My favorite Bible verse has remained constant for the last few years: "For by grace you have been saved through faith, and this is not your own doing; it is the gift of God — not the results of works, so that no one may boast. For we are what he has made us, created in Christ Jesus for good works, which God prepared beforehand to be our way of life" (Ephesians 2:8-10).
Through years of ministry, my unscientific survey of what draws people to the Lutheran church — or keeps them there — overwhelmingly yields the same response: the emphasis on living in God's amazing grace.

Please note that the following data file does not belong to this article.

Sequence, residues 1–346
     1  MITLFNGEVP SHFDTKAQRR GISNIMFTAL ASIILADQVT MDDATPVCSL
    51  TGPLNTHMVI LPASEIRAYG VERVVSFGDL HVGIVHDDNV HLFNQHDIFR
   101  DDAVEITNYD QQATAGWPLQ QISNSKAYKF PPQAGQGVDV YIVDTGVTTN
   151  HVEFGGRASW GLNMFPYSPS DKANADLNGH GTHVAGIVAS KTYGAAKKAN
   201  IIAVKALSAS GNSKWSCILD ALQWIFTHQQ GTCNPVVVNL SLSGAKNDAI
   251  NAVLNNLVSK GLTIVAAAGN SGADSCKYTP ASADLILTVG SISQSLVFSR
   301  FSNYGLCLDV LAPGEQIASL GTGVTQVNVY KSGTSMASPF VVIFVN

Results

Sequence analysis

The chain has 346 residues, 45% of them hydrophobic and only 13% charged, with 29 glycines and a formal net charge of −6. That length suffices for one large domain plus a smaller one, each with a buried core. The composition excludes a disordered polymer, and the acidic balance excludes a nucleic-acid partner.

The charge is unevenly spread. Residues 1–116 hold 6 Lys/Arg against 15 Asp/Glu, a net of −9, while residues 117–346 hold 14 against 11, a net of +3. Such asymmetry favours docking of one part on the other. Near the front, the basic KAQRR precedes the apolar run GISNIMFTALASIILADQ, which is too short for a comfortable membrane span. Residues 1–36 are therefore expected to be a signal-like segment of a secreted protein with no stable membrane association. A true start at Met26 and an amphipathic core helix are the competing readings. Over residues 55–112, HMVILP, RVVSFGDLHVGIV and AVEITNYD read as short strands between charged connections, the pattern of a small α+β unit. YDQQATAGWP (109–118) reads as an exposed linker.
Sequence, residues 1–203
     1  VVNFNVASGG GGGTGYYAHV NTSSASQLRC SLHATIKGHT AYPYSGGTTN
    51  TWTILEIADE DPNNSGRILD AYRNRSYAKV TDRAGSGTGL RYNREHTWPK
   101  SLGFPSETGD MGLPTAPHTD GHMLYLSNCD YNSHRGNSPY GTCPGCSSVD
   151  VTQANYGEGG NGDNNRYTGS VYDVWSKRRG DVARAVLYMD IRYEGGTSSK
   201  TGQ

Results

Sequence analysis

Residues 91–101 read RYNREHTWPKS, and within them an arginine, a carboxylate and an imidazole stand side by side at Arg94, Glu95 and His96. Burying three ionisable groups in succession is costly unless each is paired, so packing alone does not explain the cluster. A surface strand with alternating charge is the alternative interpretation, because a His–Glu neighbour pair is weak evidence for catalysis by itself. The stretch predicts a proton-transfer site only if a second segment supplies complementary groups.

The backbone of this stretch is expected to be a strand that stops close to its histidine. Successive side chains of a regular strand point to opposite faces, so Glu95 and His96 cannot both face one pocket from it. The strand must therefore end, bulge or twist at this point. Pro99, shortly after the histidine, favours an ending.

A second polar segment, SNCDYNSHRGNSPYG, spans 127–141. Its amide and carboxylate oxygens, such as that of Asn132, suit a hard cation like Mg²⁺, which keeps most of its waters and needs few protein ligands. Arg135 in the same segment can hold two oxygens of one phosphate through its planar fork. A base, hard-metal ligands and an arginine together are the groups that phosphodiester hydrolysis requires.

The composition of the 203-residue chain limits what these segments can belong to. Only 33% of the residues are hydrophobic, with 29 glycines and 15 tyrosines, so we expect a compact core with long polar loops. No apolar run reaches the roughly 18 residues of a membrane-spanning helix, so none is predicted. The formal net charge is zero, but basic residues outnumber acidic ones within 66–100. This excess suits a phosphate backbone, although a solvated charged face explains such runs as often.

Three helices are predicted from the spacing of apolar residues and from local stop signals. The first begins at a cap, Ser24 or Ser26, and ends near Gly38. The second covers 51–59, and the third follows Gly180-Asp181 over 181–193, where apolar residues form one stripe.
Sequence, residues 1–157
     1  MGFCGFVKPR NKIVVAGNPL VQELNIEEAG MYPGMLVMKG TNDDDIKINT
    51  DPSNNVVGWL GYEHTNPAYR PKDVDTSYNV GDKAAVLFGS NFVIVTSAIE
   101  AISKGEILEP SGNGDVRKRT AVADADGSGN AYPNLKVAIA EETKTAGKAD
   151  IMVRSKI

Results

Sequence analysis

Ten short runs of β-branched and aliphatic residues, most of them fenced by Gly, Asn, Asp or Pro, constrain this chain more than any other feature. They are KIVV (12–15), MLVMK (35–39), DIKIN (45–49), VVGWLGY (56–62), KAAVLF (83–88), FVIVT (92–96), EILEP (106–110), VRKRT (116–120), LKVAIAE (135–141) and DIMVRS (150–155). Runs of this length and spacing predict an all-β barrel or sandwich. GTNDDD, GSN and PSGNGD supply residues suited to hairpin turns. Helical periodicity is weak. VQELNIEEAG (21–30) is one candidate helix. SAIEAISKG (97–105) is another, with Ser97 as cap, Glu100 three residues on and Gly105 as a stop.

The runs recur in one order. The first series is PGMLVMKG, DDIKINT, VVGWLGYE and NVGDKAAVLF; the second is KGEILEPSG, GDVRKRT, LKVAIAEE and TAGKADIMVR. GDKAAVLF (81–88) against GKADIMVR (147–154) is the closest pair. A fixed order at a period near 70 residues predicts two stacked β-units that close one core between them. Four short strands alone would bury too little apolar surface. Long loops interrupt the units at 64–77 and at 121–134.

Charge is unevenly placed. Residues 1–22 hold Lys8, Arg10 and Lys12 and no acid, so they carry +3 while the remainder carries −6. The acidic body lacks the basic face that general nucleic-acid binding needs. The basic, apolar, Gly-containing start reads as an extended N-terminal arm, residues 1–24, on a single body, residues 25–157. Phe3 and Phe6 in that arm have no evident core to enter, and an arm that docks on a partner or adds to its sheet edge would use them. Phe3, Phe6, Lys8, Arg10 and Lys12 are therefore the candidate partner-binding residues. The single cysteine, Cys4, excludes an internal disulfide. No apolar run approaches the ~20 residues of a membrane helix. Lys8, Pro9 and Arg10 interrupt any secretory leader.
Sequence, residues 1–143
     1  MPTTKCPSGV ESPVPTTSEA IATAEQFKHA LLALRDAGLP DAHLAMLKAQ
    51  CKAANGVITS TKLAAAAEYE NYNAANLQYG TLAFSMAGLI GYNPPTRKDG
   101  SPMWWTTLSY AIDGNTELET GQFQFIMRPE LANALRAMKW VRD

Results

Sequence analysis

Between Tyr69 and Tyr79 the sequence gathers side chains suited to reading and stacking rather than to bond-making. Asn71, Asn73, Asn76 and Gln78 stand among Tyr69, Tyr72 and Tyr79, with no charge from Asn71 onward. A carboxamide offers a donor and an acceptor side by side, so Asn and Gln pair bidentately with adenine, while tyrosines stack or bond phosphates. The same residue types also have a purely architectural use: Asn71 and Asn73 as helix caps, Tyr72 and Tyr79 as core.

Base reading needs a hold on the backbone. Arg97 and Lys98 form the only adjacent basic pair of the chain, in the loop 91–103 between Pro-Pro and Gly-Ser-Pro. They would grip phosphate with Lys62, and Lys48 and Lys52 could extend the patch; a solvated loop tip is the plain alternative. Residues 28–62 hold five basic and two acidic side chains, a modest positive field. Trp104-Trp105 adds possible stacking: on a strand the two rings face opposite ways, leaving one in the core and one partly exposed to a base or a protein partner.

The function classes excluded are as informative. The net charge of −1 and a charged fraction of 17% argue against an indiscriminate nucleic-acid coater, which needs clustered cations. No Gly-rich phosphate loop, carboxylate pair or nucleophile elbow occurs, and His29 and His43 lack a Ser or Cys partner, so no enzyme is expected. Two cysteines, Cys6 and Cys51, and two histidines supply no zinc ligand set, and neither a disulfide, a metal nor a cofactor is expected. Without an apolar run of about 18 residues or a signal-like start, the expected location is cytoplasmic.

"Living in God's amazing grace" is not a marketing slogan. It is the declaration that life is a gift from God. I have heard that witness from farmers and ranchers who work the land. It seems no matter how parched the soil or how volatile agricultural prices, they have awe for the giftedness of life. They remind me of early church theologians who wrote of God's "common grace," the grace into which everyone is born.
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